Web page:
Japanese asset management firm Aristagora Advisors announced on Tuesday the launch of a new venture capital fund Aristagora VC dedicated to investment in early-stage Israeli startups. The $60 million fund will focus on deep tech companies and will invest $500,00 to $1.5 million as an initial investment in each selected initiative and support its portfolio companies’ growth through next-stage funding rounds.
The fund’s Israeli partners include managing partner Anat Tila Cherni, who has 10 years of experience in the fields of technology investments, capital markets, and investment banking, having previously led the Asia Desk at Discount Capital Underwriting; managing partner Moshe Sarfaty¸a former managing partner at Krypton VC and a former Bank of America executive; and investment committee chairman Gideon Ben-Zvi, who currently serves as the CEO of Valens and in the past founded and managed four startups, three of which made it through successful exits. The fund’s fourth partner, Takeshi Shinoda, operates out of Japan and is the owner and CEO of Aristagora Advisors.
The decision to focus on Israeli companies arose from a series of previous joint Israeli-Japanese business dealings between Cherni and Shinoda. Over the years, Israeli innovation and technology captured the interest of Shinoda as well as other Japanese investors and the dedicated fund was created.
This is the first VC fund that Shinoda is establishing and even though Japanese investors tend to prefer investing in more mature companies, his long acquaintance with the Israeli market led to the decision to invest in early-stage deep tech startups. The fund’s presence on the ground in Japan will also provide a foot in the door for its portfolio companies to make connections and secure significant business relationships within the Japanese market, known to be hard for foreigners to penetrate. The fund’s goal is to help entrepreneurs in the product development stage and when growing a customer base, both of which involve significant costs.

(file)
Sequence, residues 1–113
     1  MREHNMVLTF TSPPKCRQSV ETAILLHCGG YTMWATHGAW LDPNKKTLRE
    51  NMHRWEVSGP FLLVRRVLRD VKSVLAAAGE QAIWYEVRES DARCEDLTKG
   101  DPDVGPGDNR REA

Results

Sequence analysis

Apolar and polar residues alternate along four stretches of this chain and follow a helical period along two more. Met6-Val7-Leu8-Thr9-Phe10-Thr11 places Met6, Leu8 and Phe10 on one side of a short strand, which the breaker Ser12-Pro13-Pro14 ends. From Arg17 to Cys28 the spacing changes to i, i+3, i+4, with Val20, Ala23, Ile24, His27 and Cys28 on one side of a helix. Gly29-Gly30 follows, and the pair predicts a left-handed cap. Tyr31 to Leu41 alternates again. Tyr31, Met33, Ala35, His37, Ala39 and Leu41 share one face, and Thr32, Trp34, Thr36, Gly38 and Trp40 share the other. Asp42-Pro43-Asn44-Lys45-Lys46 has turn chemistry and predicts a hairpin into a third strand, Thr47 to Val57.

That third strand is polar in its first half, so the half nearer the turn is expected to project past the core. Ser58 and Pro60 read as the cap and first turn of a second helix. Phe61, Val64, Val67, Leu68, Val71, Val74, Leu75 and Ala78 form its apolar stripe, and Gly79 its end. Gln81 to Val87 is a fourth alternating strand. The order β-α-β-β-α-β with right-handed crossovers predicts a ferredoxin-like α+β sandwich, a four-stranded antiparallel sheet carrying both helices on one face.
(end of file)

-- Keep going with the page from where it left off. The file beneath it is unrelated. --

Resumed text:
“Professional investment in early-stage companies is falling — in Israel and abroad. Many market research studies show that this trend has been on the rise in recent years, with a steady change in the number of VCs and in their assets under management. As an early-stage investor, I have repeatedly experienced the frustration that stems from investing in new technology companies, only to see them halted in their tracks due to insufficient funding,” said Sarfaty. “Today’s early-stage investors must provide greater financial security than in the past and support new companies with larger sums of money until they are ready for next-stage funds. As such, we at Aristagora VC are rolling up our sleeves and are prepared to invest in exactly those early-stage startups. With hard work and strong financial capabilities, we will provide peace of mind to our portfolio companies before presenting them to next-stage VCs when they are ready to make the leap.”
“Demand among Asian investors in general, and Japanese investors in particular, for exposure to Israeli technologies and innovation is on the rise. That being said, foreign companies, particularly Israeli ones seeking to penetrate the Japanese market, are often faced with a slow and challenging process. In the absence of local partnerships and cultural understanding, operating successfully in the Japanese market would be very challenging. As a fund with Japanese operations, we will be able to help significantly throughout these processes. It is important to note that our portfolio companies will not be required to penetrate the Japanese market to receive funding. We are a global fund that in certain scenarios can bring substantial value to our portfolio companies in Japan,” Cherni said.